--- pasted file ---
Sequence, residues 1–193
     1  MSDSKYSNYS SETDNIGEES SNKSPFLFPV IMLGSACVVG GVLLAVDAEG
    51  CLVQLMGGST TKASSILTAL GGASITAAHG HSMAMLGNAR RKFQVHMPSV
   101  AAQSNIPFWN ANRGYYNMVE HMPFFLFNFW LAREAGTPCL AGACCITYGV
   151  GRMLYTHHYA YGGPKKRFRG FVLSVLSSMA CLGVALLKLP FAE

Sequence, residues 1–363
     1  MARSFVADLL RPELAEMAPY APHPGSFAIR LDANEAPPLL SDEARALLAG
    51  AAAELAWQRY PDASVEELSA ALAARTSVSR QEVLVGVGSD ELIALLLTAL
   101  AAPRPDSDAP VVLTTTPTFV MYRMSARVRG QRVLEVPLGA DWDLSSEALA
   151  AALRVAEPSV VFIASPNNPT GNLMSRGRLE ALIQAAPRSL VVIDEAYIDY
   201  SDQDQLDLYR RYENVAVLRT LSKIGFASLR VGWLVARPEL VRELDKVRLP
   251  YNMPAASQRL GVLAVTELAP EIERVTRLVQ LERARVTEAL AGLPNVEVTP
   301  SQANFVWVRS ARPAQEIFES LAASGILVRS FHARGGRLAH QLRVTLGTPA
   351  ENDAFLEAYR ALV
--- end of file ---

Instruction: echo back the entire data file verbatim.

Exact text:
Sequence, residues 1–193
     1  MSDSKYSNYS SETDNIGEES SNKSPFLFPV IMLGSACVVG GVLLAVDAEG
    51  CLVQLMGGST TKASSILTAL GGASITAAHG HSMAMLGNAR RKFQVHMPSV
   101  AAQSNIPFWN ANRGYYNMVE HMPFFLFNFW LAREAGTPCL AGACCITYGV
   151  GRMLYTHHYA YGGPKKRFRG FVLSVLSSMA CLGVALLKLP FAE

Sequence, residues 1–363
     1  MARSFVADLL RPELAEMAPY APHPGSFAIR LDANEAPPLL SDEARALLAG
    51  AAAELAWQRY PDASVEELSA ALAARTSVSR QEVLVGVGSD ELIALLLTAL
   101  AAPRPDSDAP VVLTTTPTFV MYRMSARVRG QRVLEVPLGA DWDLSSEALA
   151  AALRVAEPSV VFIASPNNPT GNLMSRGRLE ALIQAAPRSL VVIDEAYIDY
   201  SDQDQLDLYR RYENVAVLRT LSKIGFASLR VGWLVARPEL VRELDKVRLP
   251  YNMPAASQRL GVLAVTELAP EIERVTRLVQ LERARVTEAL AGLPNVEVTP
   301  SQANFVWVRS ARPAQEIFES LAASGILVRS FHARGGRLAH QLRVTLGTPA
   351  ENDAFLEAYR ALV